The river is always flowing to the sea, but I underestimated the strength of the current on this day. There were numerous stops to marvel at how much of our planned swim remained still ahead of us! All stops saw us going backwards towards the sea. There had been recent rain which both filled the river to a good depth, made it colder than usual and perhaps increased the speed of the current a bit. I measured the temperature at 9.9°C. If we kept our heads down and a maintained a good stroke rate we made slow but steady progress towards the next bridge upstream on the river. We experimented with the middle of the river and both sides to see if the current was less in one of those places. It wasn’t.
We eventually made it to this bridge over the river and found a slimy submerged tree to hold while we had a look around. We then let go of our slippery underwater log mooring point and started swimming north. The loose plan was another 300m to a little jetty on a bend in the river.
But the river narrowed upstream from this bridge, and when we headed in that direction my progress as assessed by looking at the rate the river bank was moving past me suggested it could take quite a while to swim the next 300m to the little jetty. The current seemed a bit stronger as the river narrowed. So the loose plan to continue against the current was abandoned and we did a U turn. The current rapidly took us downstream even while floating on our backs. Deb seemed impressed with this form of transport. Note to self: next river swim start at the little jetty on the bend and finish at the Great Ocean Road bridge!
Occasionally we did bother to swim and the pace was very impressive. I had to be quick to get this shot of Deb gliding past like an Olympian with time for a ‘thumbs up’ without losing any pace whatsoever.
The river might have been murky, but when going downstream but it did take care of navigation and propulsion while we floated on our backs enjoying watching the scenery slide past..
Barham River water visibility report: zero and brown.

Measuring the temperature after the swim (9.9°C). The course we swam as recorded by the Garmin watch.

High and Dry

Each receding tide during a period of strong onshore winds leaves a higher than usual volume of kelp, seaweed and other things that washed ashore. Bull kelp (also know as string kelp) and other brown algae and seaweed line the high watermark when the easterly winds blow.

I see a stingray in this shape.
I see a large fish here.
Detail of the previous image.
This strong cord like length of algae was connecting two large tangles of seaweed. I estimated its length at round 9-10m. It was under a bit of tension but showed no signs of snapping. The two photos below show clearly that it is in fact organic, and not some man made cord caught up in the seaweed.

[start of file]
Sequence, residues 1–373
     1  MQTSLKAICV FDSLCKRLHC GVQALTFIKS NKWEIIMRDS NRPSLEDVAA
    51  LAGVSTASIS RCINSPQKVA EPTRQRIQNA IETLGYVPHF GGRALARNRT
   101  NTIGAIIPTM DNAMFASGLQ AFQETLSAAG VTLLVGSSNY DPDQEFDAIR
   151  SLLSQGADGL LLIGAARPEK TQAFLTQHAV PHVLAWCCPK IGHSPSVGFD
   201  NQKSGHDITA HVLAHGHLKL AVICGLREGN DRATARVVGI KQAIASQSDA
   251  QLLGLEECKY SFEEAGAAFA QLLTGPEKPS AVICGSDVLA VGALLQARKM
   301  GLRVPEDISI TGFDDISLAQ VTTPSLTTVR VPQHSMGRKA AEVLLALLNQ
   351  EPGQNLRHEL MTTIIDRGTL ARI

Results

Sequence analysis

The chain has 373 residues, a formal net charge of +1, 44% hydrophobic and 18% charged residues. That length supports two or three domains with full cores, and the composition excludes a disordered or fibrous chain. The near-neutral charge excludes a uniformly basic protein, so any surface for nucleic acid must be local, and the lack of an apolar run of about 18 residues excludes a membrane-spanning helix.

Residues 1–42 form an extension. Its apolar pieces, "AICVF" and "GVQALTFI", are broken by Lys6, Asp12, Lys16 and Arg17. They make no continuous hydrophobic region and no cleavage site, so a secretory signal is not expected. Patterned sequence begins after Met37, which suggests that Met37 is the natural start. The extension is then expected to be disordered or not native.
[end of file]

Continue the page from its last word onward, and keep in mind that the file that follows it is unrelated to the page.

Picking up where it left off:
Small bivalve mollusc passengers on this cuttlefish skeleton (which is a central part of the cuttlefish buoyancy system) finally reach the end of their time at sea, well after the life of the cuttlefish had ended. Cuttlefish are in the cephalopod group of advanced molluscs, which includes squid and octopuses. The living cuttlefish looks a bit like a preliminary draft of an octopus. It has eight arms, and two tentacles with suckers, which are retracted when not in use. They can change colour for camouflage purposes, but mostly opt for a striped patten. They are a favourite food of dolphins.

 These photos record two consequences of not keeping an eye on the tide charts and the approaching waves. They are related in that I was busy taking a photo of the pufferfish (or porcupine fish – one type of the large and varied group of puffer fish) and paying no attention to the sea when the incoming tide brought a small wave to my feet. Well, to my legs to be precise. The pufferfish appears to have come too close to shore in the 30 knot easterly to be able to resist being washed ashore and stranded.

Pufferfish contain a powerful poison called ‘tetrodotoxin’. It is said to be many times more dangerous than cyanide. It’s stored in their skin and internal organs. The spines are merely sharp and don’t contain the toxin. Touching a pufferfish is not a good idea. Eating one could kill you. They are found in shallow temperate waters world wide.

Been waiting for a couple of hours now. Beginning to wonder if the volunteers with the wet towels. buckets of water, hugs and rescue attempts are coming at all. Sometimes it sucks being a porcupine fish.
As found. Gift wrapped by the ocean.

5 thoughts on “Gale Force Easterlies at Apollo Bay

  1. You might have swum in the Barwon as a youngster John, but I was taught to swim by dad in the Kennett River. And in those days the dairy down there resulted in the cows routinely using the river for their business. Consequently the Kennett was more than murky and brown as you described the Barham to be on your swim day. Perhaps that’s why I learnt to swim with my head out of the water!
    And I like the shot of the puffer fish. Certainly looks a bit bewildered. “Don’t leave me here, I’ll be a good boy”
    Beautiful day today and the wind has turned round to the west so I trust you had a lovely swim back at the main beach.
    Cheers, Richard

    Liked by 1 person

    1. Now I understand why you used to swim with your head high Richard, and a very good reason it was! You’d find the Barham an entirely agreeable spot for swim.

      The wind has not swung around here yet – it did back around to the north east during the afternoon, but it was blowing a steady 14-15 knots with whitecaps in the bay and beyond. I had a lovely swim this afternoon in bright sunshine and clear glassy water in the lee of the north-south breakwater at the harbour.

      Cheers,

      John

      Like